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DULUTH - The city of Duluth has asked a St. Louis County judge to require that Last Place on Earth close down for a year or follows other rules to correct public nuisances in a lawsuit filed Thursday.
The city alleges the business's owner, Jim Carlson, did not correct the nuisances stemming from his shop after a notice given to him in August.
"The community really is at its wits end," Duluth City Attorney Gunnar Johnson said.
The city will be using an Aug. 28 surveillance tape outside the store as a piece of evidence in the case.
The tape shows customers heading out and pushing a man into the road.
They then head back and pull him toward the curb before leaving the scene.
The city said the video shows exactly what happens near the business and the city resources that have to respond.
However, Carlson's attorney said he was not worried about when the case heads to court and that it has no legal basis because the city has not proved any of his products are illegal.
"I think any attorney who brought it ought to be ashamed of themselves," Carlson's attorney Randall Tigue said. "[Carlson] can't conceivably abate the nuisance as the city of Duluth insists on keeping the lab results on what he's sold secret."
"I think its weak but I'm sure he'll make that argument to the court," Johnson said in response. "I'm sure the court will consider it and we'll see what happens going forward."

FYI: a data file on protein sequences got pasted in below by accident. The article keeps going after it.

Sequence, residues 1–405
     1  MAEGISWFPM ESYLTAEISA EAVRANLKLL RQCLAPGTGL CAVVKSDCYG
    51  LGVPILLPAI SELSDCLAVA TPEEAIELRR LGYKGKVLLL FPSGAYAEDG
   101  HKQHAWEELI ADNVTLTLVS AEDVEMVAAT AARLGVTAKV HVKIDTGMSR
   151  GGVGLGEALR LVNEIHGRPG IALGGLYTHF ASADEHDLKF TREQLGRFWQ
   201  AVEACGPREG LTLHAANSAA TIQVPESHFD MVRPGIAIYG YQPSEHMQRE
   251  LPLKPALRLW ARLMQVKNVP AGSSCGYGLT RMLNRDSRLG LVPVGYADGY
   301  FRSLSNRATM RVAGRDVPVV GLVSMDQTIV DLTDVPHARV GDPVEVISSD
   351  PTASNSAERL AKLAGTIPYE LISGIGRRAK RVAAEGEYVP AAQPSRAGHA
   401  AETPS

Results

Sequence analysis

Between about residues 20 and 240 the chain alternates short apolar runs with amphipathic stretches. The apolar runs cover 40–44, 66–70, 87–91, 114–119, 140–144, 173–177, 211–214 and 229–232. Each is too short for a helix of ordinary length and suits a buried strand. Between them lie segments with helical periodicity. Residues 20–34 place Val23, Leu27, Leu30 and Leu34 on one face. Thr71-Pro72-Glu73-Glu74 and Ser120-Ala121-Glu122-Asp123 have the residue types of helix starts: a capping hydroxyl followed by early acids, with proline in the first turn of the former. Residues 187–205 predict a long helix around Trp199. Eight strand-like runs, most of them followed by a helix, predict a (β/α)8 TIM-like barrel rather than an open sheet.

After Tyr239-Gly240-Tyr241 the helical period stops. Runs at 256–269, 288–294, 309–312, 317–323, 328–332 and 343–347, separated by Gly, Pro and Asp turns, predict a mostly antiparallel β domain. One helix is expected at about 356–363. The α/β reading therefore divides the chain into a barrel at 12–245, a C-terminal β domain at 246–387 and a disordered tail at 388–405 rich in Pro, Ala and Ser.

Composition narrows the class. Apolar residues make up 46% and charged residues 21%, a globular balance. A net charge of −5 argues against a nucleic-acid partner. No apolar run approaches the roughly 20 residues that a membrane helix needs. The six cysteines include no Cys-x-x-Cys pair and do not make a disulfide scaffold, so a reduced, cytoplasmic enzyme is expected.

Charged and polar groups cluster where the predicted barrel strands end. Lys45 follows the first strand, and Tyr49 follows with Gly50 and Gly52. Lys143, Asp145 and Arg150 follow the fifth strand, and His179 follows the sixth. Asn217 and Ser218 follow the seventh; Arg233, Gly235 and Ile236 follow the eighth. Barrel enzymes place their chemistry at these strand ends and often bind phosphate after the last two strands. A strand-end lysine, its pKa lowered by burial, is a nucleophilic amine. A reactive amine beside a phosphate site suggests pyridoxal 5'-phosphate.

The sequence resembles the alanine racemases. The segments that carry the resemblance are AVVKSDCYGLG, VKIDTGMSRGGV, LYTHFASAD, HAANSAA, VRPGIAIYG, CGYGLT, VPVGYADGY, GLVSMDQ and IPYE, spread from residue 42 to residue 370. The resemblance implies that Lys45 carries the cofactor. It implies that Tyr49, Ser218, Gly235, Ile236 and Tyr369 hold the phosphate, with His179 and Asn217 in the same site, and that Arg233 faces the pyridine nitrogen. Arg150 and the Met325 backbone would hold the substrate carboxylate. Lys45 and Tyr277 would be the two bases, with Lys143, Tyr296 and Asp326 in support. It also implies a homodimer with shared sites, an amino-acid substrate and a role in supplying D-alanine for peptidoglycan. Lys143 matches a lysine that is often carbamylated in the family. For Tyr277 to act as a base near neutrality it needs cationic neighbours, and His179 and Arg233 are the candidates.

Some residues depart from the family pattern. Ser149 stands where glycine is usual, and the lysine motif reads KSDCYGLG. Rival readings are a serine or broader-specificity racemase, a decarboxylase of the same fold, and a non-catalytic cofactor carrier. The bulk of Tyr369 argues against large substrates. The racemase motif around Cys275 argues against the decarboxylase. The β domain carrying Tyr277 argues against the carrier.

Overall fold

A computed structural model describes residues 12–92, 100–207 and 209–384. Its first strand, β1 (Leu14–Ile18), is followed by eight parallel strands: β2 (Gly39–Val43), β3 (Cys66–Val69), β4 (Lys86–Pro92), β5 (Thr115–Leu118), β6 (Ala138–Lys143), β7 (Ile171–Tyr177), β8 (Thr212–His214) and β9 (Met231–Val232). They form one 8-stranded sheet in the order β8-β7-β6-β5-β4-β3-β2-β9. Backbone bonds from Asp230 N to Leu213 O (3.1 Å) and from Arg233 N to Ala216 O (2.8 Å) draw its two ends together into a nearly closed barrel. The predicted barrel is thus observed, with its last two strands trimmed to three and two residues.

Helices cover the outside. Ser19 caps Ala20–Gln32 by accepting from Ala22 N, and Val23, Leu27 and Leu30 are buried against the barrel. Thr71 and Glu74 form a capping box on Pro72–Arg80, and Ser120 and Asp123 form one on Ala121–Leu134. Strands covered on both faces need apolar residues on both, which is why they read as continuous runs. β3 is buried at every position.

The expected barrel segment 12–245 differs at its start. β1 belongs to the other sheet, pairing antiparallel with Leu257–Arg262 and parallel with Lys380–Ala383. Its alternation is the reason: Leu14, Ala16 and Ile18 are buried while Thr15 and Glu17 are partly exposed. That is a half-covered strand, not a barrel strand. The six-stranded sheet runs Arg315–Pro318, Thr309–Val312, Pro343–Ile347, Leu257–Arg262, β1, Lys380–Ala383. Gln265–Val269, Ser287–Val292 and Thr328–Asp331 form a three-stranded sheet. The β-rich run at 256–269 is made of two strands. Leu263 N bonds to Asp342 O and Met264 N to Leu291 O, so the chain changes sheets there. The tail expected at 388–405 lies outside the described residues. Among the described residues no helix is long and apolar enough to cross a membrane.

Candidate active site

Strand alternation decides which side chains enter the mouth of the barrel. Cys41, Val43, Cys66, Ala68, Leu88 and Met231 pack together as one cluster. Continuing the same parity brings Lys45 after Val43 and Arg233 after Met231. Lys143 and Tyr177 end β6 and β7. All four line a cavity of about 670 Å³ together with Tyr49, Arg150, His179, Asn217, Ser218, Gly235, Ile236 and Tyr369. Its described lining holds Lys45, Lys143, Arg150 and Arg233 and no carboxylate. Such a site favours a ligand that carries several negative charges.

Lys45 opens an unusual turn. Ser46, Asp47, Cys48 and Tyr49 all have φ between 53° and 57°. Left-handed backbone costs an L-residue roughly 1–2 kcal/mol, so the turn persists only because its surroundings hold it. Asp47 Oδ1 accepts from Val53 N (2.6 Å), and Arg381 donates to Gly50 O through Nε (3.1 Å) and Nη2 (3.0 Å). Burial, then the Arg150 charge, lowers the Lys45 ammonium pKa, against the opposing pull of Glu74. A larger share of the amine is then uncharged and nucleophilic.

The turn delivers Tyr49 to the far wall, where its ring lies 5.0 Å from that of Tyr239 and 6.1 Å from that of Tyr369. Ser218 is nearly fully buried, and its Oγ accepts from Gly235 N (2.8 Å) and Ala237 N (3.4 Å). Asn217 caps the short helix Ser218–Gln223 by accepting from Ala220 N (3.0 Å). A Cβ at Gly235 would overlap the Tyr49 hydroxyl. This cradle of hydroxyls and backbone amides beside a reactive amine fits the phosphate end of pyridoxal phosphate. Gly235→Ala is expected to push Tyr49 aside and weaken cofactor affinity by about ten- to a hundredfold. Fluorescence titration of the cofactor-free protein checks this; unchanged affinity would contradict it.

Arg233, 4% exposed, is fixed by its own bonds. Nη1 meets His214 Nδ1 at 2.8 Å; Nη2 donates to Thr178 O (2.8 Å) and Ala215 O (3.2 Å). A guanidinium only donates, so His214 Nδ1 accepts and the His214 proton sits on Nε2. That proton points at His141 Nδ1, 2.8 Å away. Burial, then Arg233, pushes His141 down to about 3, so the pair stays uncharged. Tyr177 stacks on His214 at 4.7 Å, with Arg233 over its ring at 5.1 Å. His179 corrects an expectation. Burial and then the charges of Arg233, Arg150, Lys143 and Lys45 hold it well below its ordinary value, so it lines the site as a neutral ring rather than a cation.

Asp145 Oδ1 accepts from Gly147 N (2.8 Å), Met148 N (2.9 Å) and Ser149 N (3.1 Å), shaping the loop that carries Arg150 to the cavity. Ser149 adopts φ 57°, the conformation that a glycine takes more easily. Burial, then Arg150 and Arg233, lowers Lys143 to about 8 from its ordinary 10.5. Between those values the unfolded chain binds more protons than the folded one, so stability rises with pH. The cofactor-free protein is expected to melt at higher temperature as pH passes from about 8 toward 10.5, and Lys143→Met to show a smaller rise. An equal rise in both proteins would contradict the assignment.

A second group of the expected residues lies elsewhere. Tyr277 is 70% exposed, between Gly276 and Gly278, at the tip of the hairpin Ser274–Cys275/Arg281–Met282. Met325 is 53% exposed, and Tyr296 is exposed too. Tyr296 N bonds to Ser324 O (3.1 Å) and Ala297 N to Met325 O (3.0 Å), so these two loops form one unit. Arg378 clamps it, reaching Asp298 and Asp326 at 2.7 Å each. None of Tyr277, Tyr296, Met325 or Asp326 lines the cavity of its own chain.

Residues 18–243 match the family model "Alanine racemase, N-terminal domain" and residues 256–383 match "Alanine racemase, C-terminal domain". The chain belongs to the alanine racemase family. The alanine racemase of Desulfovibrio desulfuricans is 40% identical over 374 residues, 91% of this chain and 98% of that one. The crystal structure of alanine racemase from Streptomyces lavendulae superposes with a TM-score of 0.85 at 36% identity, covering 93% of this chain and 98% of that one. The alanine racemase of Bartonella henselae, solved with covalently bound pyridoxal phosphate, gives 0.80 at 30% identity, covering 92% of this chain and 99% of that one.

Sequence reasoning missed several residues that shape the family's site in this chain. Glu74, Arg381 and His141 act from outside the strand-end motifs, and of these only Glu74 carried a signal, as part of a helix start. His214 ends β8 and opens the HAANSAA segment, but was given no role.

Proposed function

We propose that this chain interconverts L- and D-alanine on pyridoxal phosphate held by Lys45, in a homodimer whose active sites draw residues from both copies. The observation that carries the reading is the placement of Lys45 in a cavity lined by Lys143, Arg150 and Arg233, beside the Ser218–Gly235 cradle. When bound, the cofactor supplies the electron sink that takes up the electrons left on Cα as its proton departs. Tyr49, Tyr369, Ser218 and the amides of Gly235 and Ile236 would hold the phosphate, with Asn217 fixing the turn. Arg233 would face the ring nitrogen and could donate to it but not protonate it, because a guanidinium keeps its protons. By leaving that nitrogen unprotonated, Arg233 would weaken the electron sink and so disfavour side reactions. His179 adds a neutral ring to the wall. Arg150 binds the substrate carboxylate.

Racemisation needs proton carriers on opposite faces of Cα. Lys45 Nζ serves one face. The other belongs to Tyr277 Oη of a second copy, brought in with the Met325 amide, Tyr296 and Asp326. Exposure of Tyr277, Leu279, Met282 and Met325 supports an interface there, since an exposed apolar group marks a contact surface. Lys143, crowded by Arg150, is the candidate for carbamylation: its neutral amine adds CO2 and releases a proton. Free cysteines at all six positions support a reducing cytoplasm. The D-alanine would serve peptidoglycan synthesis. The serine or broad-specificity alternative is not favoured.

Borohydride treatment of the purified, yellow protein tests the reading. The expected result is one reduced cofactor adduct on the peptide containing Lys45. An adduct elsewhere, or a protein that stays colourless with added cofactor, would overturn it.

In the paperwork filed Thursday, the city offered what they call a "menu of options" for the judge to consider as corrections to the problem.
One, that the property shuts down for a year, two, that they stop selling bath salts or synthetic marijuana for a year, and three, the business may continue selling synthetic marijuana in accordance with 14 conditions.
Some of those conditions are paying for extra police, reimbursing for the cleanup of vomit, urine, and other waste within two blocks, that customers must enter through Michigan Street only, that they only sell on specific days and hours and will limit purchases of such items to $40 a person.
The options are expected to be reviewed by a judge in late November.
Jim Carlson has already filed a civil lawsuit against the city of Duluth for what he called an unlawful raid of his shop in Sept. 2011.
On Wednesday, he filed a similar suit against the federal government for their July 2012 raid.